Legal Department

The RHJ Legal Department is dedicated to educating and informing property managers, multifamily executives, on-site managers, landlords, real estate investors, apartment maintenance staff and other industry professionals about Fair Housing, Section 8, landlords tenant laws and other real estate laws on a local and national level.

fair housing section 8 landlord tenant law
Tue
22
May
The Editors's picture

Man Awarded $20 Million After Fall Through Portland Apartment Walkway

Man Awarded $20 Million After Fall Through Portland Apartment Walkway

A jury has found a Portland apartment complex failed to make proper repairs to a walkway and awarded $20 million to a man who fell through the walkway, according to reports.

The man, Robert Trebelhorn, plunged waist-deep into a rotting, second-story walkway in February 2016, according to the lawsuit. He tore the meniscus in his knee, causing ongoing pain and therapy even after he underwent surgery.

Trebelhorn filed suit against Wimbledon Square Apartments and its parent company Prime Group, a Los Angeles-based real estate firm, after construction crews discovered serious dry rot and cracking concrete in the walkway.

His attorneys Jason and Greg Kafoury said Prime Group refused to make repairs for at least a decade.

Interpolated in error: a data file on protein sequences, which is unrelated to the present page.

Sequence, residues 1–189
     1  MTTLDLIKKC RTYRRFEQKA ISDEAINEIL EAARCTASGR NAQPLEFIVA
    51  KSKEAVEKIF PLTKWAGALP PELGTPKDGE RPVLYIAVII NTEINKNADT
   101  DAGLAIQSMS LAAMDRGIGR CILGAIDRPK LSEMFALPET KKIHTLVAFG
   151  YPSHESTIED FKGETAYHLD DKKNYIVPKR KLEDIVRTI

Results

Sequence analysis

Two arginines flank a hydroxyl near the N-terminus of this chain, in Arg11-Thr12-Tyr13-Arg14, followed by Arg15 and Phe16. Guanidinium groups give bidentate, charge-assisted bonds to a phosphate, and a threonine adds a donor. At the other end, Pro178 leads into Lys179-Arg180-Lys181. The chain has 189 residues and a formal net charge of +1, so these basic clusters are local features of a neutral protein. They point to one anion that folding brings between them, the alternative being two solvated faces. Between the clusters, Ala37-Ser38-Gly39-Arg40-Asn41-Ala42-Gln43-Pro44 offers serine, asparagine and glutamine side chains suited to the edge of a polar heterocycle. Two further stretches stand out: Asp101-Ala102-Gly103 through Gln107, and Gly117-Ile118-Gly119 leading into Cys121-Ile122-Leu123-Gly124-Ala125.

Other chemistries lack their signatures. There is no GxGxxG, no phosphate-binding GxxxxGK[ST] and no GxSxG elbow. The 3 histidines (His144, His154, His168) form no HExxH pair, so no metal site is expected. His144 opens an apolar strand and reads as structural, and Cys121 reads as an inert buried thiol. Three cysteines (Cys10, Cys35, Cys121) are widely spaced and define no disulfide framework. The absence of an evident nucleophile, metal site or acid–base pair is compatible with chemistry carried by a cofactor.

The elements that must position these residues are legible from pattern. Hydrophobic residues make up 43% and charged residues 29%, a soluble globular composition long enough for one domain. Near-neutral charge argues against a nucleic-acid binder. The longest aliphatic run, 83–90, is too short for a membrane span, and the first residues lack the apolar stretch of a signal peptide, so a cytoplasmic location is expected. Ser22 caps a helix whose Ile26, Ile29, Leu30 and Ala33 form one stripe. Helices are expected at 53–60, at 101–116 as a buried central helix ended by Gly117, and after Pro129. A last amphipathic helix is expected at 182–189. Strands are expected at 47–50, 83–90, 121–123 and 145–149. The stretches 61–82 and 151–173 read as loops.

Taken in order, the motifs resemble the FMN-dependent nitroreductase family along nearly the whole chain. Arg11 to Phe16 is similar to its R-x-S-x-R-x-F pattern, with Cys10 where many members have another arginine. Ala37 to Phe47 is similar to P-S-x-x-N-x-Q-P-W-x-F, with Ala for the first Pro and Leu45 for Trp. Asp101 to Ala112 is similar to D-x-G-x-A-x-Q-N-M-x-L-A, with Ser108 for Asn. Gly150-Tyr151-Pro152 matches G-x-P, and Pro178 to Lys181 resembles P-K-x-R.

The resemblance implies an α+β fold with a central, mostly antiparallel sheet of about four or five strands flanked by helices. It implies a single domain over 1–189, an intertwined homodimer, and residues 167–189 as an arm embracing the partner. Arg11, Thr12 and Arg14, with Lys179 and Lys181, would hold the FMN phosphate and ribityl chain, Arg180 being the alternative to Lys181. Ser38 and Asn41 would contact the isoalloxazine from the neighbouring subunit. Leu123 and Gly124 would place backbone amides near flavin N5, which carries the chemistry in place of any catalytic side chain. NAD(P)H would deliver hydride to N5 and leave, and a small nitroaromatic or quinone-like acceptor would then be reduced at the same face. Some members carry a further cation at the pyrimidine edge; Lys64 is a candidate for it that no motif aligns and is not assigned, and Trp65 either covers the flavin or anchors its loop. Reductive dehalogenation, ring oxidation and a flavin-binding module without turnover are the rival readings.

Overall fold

Tue
15
May
The Editors's picture

Portland City Commissioner Seeks To Regulate Tenant Screening

Portland City Commissioner Seeks To Regulate Tenant Screening

Portland City Commissioner Chloe Eudaly is seeking to regulate tenant screening by following a similar path to Seattle’s first-in-time ordinance and require Portland landlords to take a first-come, first-served approach to tenants, according to reports.

Eudaly’s proposal is similar to one passed by the Seattle City Council, called first-in-time. That ordinance was struck down in April by King County Superior Court Judge, Suzanne Parisien, who said in her ruling that “choosing a tenant is a fundamental attribute of property ownership.”

Willamette Week first reported that  Eudaly is working on a measure to require landlords to rent to tenants on a first-come, first-served basis. 

Mon
14
May
The Editors's picture

California Landlords Settle Over ‘No Criminal Record’ And Discrimination

California landlords settle with HUD

California landlords have reached a settlement and agreed to pay $8,000 after a complaint alleging they used a policy of “no criminal or police record of any kind,” and in addition discriminated on the basis of race and national origin.

The U.S. Department of Housing and Urban Development (HUD) charged in the conciliation agreement that the landlords discriminated on the basis of race, national origin and prior criminal history, according to a release. The agreement names the Grand Oaks Apartments and Sierra Vista Apartments in Atwood, California, and MacBeth Apartment Systems in Carlsbad, California.

Wed
09
May
John Triplett's picture

Landlords Sue Seattle Over Criminal Background Check Restrictions

Landlords Sue Seattle Over Criminal Background Check Restrictions